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Director Bryan Singer Plans Doc To Refute Sexual Assault Accusations

Director Bryan Singer Plans Doc To Refute Sexual Assault Accusations

Bryan Singer
Joe Seer/Shutterstock

The disgraced director tries to make a comeback with a documentary about his own history of sexual assault allegations.

Director Bryan Singer burst onto the scene in 1995 with the hit The Usual Suspects and continued that upward trajectory with the blockbuster X-Men series. But his success hit a snag when he was accused of sexual assault by multiple victims and now the discgraced director is planning a documentary about his own life in an attempt to resurrect his career.

After finding mega success in Hollywood, that came crashing down when he was fired from Bohemian Rhapsody with only three weeks of filming left after prolonged absences and fights with the cast and crew. Then as he was trying to get his career back on track, a 2019 Atlantic exposé came out detailing allegations made by four men who claim that Singer sexually assaulted them when they were underage (one of whom says Singer raped him when he was 17). The director denies these allegations.

Now four years later the hit-making director is trying to return to Hollywood with three new lower-budget films all set in Israel where he’s been living for the past few years.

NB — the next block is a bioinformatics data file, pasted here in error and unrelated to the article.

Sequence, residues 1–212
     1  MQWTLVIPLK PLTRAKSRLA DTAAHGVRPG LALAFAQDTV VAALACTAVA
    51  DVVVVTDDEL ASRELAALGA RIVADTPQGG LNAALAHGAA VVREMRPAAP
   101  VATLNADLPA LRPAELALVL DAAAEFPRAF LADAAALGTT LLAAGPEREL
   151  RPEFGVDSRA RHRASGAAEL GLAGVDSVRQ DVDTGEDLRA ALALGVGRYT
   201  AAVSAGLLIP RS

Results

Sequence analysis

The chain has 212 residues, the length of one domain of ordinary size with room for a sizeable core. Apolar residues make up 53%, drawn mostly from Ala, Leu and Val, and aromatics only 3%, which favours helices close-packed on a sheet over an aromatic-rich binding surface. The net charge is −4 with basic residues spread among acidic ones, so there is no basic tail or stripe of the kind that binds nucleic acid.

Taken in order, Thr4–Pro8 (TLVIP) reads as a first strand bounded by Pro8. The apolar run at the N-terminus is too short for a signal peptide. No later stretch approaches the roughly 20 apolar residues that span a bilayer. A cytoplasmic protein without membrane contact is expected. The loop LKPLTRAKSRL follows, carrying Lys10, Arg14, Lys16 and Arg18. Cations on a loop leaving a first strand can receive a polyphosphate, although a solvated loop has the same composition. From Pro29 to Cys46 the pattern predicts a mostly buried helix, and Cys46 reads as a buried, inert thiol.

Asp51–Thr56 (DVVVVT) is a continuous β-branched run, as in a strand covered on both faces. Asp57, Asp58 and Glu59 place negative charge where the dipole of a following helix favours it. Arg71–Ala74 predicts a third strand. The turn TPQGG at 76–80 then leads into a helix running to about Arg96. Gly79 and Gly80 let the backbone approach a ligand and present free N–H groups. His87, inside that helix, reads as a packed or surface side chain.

Stranger still is the fact that Singer plans to direct a self-financed documentary about his own life. Variety reported that the film will focus on “his struggles” and will address the sexual assault allegations made against him. Documentaries are usually made by directors who can look at the events through an unbiased lens because they are unconnected to the story, but clearly that won’t be the case here. Also, the self-financing screams of privilege.

Singer will have a lot to contend with though because the sexual misconduct allegations date way back to 1997 when he was directing the film Apt Pupil. A civil suit was filed by two teenage boys (one 14 years old and the other 17) alleging that they were alllegedly ordered to strip naked to film a shower scene. Other underage actors also filed civil lawsuits with similar claims, including one who said Singer allegedly molested them. The famous director never faced criminal charges and the suits were settled for an undisclosed sum.

By the late ‘90s Singer had become known in Hollywood for allegedly throwing pool parties where underage boys were plied with drugs and alcohol, with one telling the Atlantic he was “passed around like a party favor.”

Journalists Alex French and Maximillian Potter wrote in the Atlantic exposé that Singer’s wealth and fame meant that people in the film industry helped him in disturbing ways. “Their accounts suggest that Singer didn’t act alone; he was aided by friends and associates who brought him young men. And he was abetted, in a less direct way, by an industry in which a record of producing hits confers immense power.”

Singer is one in a seemingly never ending line of men who have abused their position in Hollywood and his star power meant that for years his alleged crimes were brushed under the rug.

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